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The House Of Commons Could Debate Trudeau's Elbow Incident Into Next Month

Trudeau says he has profound regret, but the opposition won't drop the issue until the Liberals agree to drop a controversial motion.

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Justin Trudeau gave a long apology to the House of Commons Thursday morning for getting physical with opposition MPs Wednesday, but the opposition isn't ready to let him off the hook yet.


"I expect more of myself," Trudeau told the House.

It was his third public apology for the incident. He first apologized for grabbing Conservative whip Gord Brown, then for elbowing NDP MP Ruth-Ellen Brosseau.

“In my haste I did not pay attention to my surroundings and as a result I made physical contact with [Brosseau], something I regret profoundly," he said.

Trudeau then apologized to all MPs "for failing to live up to a higher standard of behaviour."

My intervention in the House yesterday was not appropriate, and shouldn’t have happened.

But there's a lot more going on here than meets the eye. The debate is actually a standoff between the opposition and the government.

Opposition MPs rose to give long lengthy denunciations of Trudeau's actions. They could keep doing that throughout the rest of the week. Next week Parliament is not in session, so the debate could stretch to the end of the month.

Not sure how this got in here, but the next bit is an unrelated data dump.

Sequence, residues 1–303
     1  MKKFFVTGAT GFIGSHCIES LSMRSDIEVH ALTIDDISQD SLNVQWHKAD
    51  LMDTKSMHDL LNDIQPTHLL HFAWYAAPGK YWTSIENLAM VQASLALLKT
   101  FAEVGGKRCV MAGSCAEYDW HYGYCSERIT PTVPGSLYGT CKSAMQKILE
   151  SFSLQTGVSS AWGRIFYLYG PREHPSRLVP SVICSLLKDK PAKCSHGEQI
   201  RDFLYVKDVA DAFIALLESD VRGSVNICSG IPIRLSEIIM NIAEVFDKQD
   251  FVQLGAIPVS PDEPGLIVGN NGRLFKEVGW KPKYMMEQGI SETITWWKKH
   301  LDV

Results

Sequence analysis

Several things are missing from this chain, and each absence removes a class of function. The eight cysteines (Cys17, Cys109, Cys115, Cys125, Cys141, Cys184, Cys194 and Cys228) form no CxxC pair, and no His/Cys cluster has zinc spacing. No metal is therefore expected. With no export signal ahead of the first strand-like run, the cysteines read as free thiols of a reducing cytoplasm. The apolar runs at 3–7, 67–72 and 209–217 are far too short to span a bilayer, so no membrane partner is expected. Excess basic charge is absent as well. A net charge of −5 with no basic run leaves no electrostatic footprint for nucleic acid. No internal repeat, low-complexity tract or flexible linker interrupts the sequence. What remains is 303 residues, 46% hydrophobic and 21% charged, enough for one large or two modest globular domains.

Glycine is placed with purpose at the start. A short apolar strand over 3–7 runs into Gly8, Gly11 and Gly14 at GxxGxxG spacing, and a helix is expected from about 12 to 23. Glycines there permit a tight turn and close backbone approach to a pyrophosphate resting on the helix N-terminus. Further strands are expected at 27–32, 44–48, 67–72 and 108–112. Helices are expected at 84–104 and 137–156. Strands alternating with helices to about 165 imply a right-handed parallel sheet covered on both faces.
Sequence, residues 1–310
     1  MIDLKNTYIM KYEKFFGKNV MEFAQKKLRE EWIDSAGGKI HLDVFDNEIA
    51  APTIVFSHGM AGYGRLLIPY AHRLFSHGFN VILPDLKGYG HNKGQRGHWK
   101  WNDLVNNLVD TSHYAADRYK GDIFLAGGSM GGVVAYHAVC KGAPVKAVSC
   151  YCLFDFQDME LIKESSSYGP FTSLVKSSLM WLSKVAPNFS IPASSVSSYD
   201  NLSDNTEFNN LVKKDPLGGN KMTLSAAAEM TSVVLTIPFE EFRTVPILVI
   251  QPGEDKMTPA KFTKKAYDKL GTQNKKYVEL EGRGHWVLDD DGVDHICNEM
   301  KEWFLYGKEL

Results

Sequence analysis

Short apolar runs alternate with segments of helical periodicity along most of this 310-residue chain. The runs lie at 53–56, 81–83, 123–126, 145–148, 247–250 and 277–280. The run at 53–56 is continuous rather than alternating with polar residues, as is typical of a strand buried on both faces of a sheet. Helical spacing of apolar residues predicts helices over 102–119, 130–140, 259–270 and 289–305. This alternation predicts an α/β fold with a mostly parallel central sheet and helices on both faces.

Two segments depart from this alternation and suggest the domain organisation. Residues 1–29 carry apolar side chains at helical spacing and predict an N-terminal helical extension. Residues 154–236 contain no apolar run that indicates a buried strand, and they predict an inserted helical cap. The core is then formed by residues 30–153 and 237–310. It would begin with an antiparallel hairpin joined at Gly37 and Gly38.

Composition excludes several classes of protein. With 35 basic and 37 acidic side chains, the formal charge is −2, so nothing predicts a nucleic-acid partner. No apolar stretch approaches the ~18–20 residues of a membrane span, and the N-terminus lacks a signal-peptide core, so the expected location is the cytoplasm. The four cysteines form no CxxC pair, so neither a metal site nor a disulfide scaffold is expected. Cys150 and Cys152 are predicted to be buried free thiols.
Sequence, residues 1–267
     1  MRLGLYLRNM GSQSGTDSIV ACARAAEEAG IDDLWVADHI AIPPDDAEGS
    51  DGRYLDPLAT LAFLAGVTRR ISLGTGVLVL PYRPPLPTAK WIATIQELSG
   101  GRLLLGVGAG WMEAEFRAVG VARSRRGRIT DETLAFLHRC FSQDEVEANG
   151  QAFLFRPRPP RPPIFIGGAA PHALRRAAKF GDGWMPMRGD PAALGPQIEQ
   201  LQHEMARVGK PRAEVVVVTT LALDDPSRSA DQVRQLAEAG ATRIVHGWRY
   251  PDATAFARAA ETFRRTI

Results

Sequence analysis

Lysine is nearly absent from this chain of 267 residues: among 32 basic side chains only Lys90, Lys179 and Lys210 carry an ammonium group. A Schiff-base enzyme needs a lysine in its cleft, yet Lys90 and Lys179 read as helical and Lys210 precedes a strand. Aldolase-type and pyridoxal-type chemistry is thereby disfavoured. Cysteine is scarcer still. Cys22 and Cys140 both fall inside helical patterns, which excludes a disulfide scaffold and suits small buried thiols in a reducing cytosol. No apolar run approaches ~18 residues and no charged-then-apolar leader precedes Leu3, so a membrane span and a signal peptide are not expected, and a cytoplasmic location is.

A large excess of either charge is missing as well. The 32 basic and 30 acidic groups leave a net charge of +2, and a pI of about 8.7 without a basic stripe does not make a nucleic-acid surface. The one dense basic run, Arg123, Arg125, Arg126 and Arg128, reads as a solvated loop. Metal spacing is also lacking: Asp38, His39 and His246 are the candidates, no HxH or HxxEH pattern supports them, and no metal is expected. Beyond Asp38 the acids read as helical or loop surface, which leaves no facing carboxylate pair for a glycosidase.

Rona Ambrose says Trudeau’s actions were “nothing less than an affront to every member of this House.”

That is, unless the Liberals agree to drop a motion that gives the government full control of the House for the rest of the spring.

Several opposition MPs asked Trudeau to drop the motion in order to "move on" from what happened Wednesday. He continued to apologize but said the issues were separate.

The Liberals want to move this debate to a parliamentary committee, but the opposition refuses to stop talking.


So far the government has refused to bend, so we may be in for many more hours of discussion on Trudeau's elbow.


The government and opposition reached a deal Thursday evening. The opposition has agreed to end the elbowing debate in exchange for the Liberals withdrawing a motion that would have given the government complete control over the Parliamentary schedule.

Paul McLeod is a politics reporter for BuzzFeed News and is based in Washington, DC.

Contact Paul McLeod at

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